Column: Theo Epstein is still the most important Red Sox this century


Former Red Sox General Manager Theo Epstein has played a pivotal role in Boston’s success, even during their latest World Series. Photo courtesy of Flickr/ Creative Commons

Yesterday, the world champion Boston Red Sox paraded through the streets. There was screaming, tears and lots of beer-chugging. But one man, incredibly crucial to the team’s 2018 success and the success of the Red Sox this century as a whole, was nowhere to be found. His office is now in another ancient ballpark almost a thousand miles away. In fact, it’s been seven years since he last worked for Boston.

Theo Epstein, the youngest general manager in MLB history, was the architect behind the first Red Sox team to win a title since World War I ended, broke an 86-year curse and won another title three years later for good measure. Before Epstein’s arrival in 2002, Boston’s strategy to assembling a championship contender was to open the checkbook as wide as possible. Epstein was the first one to combine one of baseball’s highest payrolls with the new-age thinking that would later become famous in “Moneyball.”

Like Billy Beane and his small-town Oakland Athletics, Epstein put emphasis on finding market inefficiencies. Stats like on-base percentage and slugging became critical evaluators. Although he wasn’t limited to the bargain bin like Oakland was, Epstein saw value where others did not. In his first few months he acquired David Ortiz, Mike Timlin and Bill Mueller, critical pieces to the famous 2004 team.

Epstein’s eye for talent extended to the farm system as well. Under his supervision, the Red Sox scouting and player development department’s produced players like Kevin Youkilis, Jon Lester, Dustin Pedroia and Jacoby Ellsbury. And those are just players that made in to the majors in time for the 2007-title. In 2006, 2007, 2008 and 2010, the Red Sox had a farm system that Baseball America ranked in the Top 10. For a team that was always in the mix for championships, Epstein struck the perfect balance of spending money wisely and conserving the prospects they still had.

Which is why it’s all the more infuriating that Epstein was run out of town after the Red Sox collapse in 2011. The Sox became the first team in MLB history to have a nine-game lead at the beginning of September and fail to make the playoffs, going 7-20 in the regular season’s final month. The man with the keyboard took a large brunt of the blame for the on-field performance and Epstein was allowed to walk the following winter. The most common criticism was his lack of success in the free agent pool in recent years, mainly the signings of John Lackey, Carl Crawford and Mike Cameron. This line of thinking ignores that the Red Sox still had a path to success because Epstein’s farm system was still producing stellar prospects. Epstein treated the free agency pool exactly as a team with Boston’s money should. A safety-net to fall back on. It is always better to overspend for talent than to overtrade for it. Epstein’s farm system was the lifeblood of the Red Sox and still is to this day.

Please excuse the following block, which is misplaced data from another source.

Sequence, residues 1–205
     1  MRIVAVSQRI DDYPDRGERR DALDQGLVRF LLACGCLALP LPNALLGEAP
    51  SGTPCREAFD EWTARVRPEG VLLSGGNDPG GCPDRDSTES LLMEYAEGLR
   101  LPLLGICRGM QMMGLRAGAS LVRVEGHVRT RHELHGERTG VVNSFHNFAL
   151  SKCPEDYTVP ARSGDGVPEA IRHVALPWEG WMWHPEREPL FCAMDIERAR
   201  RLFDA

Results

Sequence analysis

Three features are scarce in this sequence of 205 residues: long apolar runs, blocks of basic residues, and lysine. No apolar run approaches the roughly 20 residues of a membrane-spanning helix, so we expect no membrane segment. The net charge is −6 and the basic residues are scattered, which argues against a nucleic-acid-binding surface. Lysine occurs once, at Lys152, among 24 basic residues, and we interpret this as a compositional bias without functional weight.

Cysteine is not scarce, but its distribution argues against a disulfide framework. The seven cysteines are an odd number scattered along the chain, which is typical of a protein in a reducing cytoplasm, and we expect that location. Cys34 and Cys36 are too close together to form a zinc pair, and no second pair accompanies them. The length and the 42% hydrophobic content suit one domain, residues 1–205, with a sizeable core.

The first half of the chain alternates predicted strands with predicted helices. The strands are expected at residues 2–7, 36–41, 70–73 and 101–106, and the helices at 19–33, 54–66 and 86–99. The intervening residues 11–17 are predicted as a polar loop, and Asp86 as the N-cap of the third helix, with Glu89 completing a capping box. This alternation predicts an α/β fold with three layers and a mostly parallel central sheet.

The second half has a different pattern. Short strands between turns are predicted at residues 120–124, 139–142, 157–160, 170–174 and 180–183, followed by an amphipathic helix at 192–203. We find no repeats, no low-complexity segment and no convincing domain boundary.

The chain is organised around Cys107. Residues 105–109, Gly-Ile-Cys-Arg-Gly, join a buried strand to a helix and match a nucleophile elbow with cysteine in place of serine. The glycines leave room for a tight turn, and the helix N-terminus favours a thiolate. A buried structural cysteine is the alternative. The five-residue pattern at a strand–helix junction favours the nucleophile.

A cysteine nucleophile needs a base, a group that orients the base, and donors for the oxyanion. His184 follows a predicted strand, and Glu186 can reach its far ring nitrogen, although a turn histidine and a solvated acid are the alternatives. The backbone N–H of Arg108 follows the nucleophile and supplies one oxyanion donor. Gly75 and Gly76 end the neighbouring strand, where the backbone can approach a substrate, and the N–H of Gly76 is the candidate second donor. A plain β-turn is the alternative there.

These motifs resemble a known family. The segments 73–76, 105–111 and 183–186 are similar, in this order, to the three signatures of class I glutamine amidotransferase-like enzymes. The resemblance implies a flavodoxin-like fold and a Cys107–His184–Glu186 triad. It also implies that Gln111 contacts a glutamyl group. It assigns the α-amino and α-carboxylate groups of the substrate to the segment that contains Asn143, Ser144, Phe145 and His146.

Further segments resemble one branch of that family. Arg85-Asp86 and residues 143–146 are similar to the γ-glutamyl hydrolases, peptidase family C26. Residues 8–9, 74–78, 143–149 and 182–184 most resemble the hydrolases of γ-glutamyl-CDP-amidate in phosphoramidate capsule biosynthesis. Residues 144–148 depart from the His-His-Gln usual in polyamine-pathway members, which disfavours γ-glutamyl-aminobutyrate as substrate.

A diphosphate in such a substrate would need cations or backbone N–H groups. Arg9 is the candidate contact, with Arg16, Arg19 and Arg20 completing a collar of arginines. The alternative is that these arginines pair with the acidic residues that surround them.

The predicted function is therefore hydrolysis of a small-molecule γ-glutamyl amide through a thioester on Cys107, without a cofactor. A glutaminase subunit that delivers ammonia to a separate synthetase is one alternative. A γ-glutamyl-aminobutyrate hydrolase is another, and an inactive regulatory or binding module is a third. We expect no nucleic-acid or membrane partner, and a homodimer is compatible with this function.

The Red Sox won the World Series again just two years after Epstein’s dismissal. Ben Cherington might have taken over as general manager but Epstein’s fingerprints were still all over the roster. Cherington brought in veterans who had career years, but the core of the team was still made up of products of Epstein’s baseball operations department. Of Boston’s 25-man roster during the 2013 World Series, 15 were originally brought to Boston under Epstein’s watch, whether by trade, draft or free agency. Veterans like Ortiz, Pedroia and Lester were the heart and soul. Even Lackey, previously claimed as a black mark on Epstein’s resume, was the winning pitcher in Boston’s World Series-clinching game.

Here we are, five years after that title, parading through the streets and we still owe credit to Theo Epstein. Mookie Betts, the likely 2018 American League MVP, Jackie Bradley Jr., the ALCS MVP, Xander Bogaerts and Christian Vazquez came under Boston’s thumb in 2011, Epstein’s final year with the team. That’s just about half of the regular starting lineup. Betts and Bogaerts, along with 2015-draftee Andrew Benintendi make up one of the brightest young cores in baseball. Even Bradley, the elder statesman of Boston’s outfield at a decrepit 28 years old, still has plenty of baseball left in him.

And I can’t forget Matt Barnes. We’ve had our differences over the years, but the 2011-draftee was lights out in the playoffs, letting up just one earned run in Boston’s three series. He made me look stupid for doubting him and made Epstein look smart for drafting him.

Without Theo Epstein, the Red Sox don’t win in 2004. They don’t rewrite the book on how a big-market team evaluates talent. They don’t develop one of the consistently great farm systems in all of baseball. He’s provided them with the core to win now and in the future despite leaving seven years ago.

The Red Sox are in a golden age right now. No man is more responsible than Theo Epstein.

Bryan Lambert is a staff writer for The Daily Campus. He can be reached via email at

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